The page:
Environmental groups and the St. Johns River Water Management District are calling on Gov. Charlie Crist to veto HB 1565, which he received Thursday from the Legislature.
The bill, introduced by Rep. Chris Dorworth, R-Lake Mary, requires agencies to conduct an economic analysis of proposed rules that could cost businesses more than $200,000 in the first year after adoption, according to a House committee staff analysis. If the analysis shows that the rule could affect economic growth in excess of $1 million or affect private-sector investment, productivity or innovation or competition with other states, then the rule must be submitted to the Legislature for approval.
“This is about protecting people and small business owners,” Dorworth said. “The idea it is somehow bad for government to justify rules in excess of $1 million is ridiculous, absolutely ridiculous.” The bill received support from the Florida Chamber of Commerce, the Florida League of Cities and the Florida Association of Counties.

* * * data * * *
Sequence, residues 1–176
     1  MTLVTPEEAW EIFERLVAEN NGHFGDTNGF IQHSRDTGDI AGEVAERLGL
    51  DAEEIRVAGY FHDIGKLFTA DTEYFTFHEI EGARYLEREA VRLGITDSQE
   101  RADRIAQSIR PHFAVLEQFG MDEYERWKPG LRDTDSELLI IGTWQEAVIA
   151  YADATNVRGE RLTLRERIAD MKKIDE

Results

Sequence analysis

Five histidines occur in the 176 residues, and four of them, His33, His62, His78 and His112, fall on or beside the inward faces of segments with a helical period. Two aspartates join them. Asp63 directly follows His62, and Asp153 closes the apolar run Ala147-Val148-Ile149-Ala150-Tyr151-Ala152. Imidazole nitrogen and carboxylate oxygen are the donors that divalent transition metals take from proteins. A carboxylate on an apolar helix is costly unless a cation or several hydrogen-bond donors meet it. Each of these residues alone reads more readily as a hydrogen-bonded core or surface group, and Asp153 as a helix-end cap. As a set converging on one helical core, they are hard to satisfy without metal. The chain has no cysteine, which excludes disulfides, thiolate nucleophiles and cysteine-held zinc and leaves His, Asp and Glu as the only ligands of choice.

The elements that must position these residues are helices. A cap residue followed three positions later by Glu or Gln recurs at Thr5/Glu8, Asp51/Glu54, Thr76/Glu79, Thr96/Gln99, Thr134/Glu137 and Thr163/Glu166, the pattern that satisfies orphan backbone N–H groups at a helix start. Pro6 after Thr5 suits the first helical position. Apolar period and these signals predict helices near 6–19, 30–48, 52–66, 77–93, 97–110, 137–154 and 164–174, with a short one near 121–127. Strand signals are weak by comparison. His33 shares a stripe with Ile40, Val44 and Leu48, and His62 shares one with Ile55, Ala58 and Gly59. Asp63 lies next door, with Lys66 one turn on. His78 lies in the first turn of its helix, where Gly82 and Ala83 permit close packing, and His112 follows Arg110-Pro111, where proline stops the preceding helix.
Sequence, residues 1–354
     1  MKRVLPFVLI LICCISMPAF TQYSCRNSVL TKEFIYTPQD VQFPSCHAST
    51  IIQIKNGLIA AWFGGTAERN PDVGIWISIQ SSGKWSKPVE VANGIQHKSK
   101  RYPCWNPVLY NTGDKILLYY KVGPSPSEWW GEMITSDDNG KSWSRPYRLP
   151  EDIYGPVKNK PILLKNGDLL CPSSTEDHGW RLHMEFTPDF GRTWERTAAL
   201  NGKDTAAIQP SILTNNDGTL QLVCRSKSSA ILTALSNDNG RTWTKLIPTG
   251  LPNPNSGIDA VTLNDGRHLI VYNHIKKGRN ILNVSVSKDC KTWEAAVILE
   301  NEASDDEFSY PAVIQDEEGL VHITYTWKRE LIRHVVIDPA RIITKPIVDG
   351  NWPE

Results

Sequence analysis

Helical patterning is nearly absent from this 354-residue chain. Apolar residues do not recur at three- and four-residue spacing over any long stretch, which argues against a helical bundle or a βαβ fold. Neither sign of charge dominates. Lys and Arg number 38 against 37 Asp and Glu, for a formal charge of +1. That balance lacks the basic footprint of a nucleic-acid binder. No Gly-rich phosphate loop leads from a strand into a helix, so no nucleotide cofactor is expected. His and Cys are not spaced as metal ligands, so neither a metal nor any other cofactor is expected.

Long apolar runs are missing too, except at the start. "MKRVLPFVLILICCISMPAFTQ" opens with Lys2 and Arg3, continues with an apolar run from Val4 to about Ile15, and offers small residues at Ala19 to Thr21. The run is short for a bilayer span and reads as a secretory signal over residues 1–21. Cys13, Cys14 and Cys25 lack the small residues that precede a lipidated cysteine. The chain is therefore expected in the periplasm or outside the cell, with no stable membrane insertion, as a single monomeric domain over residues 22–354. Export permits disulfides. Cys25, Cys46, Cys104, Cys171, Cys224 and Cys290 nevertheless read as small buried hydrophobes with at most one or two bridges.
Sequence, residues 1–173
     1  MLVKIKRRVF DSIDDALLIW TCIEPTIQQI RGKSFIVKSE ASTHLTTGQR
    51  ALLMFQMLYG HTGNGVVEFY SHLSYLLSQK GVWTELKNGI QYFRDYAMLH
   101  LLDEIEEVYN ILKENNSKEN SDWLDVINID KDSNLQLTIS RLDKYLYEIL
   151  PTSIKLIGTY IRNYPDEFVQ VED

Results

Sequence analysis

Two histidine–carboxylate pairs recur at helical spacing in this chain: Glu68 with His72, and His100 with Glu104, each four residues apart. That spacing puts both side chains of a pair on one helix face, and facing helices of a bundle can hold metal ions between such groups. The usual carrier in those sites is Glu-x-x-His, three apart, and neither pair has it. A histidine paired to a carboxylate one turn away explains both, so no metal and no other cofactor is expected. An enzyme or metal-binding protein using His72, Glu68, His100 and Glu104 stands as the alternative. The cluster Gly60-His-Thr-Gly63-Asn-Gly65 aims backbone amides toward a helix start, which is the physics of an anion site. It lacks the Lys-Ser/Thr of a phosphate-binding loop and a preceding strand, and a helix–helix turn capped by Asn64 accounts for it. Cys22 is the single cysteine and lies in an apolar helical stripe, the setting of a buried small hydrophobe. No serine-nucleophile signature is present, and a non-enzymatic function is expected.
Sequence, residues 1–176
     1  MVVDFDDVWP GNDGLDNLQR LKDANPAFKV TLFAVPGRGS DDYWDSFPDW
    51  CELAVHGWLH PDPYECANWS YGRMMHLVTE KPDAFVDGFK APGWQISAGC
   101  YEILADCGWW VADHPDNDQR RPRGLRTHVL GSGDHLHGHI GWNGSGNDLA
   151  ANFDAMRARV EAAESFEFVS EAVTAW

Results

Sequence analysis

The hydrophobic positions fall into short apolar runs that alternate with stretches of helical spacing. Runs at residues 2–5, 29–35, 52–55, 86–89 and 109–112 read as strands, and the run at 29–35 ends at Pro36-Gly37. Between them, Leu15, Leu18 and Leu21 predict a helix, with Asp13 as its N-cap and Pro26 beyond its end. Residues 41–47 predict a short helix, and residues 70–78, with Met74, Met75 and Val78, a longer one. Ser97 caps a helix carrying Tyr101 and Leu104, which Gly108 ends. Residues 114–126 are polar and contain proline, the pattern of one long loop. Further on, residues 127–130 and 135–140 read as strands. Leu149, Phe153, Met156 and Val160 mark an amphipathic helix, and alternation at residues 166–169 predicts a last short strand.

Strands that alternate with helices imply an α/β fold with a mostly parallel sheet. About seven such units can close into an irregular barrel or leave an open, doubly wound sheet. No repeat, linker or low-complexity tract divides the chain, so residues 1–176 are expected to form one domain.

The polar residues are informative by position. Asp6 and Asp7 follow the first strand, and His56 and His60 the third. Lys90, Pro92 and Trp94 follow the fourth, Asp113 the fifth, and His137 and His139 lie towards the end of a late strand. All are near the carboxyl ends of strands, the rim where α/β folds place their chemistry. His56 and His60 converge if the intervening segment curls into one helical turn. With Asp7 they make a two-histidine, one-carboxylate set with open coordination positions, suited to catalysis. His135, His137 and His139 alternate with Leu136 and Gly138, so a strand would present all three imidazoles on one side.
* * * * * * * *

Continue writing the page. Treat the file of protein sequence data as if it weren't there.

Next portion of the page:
But the St. Johns River Water Management District says the bill would subject most new water-protection rules to approval by the Legislature. Regulated interests would no longer have to provide evidence in a rule challenge, rather they could lobby against the bill in the Legislature. The bill would “frustrate executive branch operation if the Legislature perpetually fails to act on the rules session after session,” according to a district staff analysis.
Audubon of Florida, 1000 Friends of Florida and the St. Johns Riverkeeper have joined the water-management district staff in requesting a veto. Audubon said the bill could thwart Everglades restoration while 1000 Friends said it could prevent the Department of Community Affairs from adopting a development rules stemming from a 2008 addressing climate change and greenhouse gas emissions.
A DCA spokesman said he could not immediately comment on the bill. A Florida Department of Environmental Protection spokeswoman said DEP has concerns about the bill but has not made a formal recommendation to the governor.
Dorworth said no one spoke in opposition to the bill in the Legislature and there were no votes against it in committees or on the House and Senate floor. The governor has until May 28 to sign or veto the bill.
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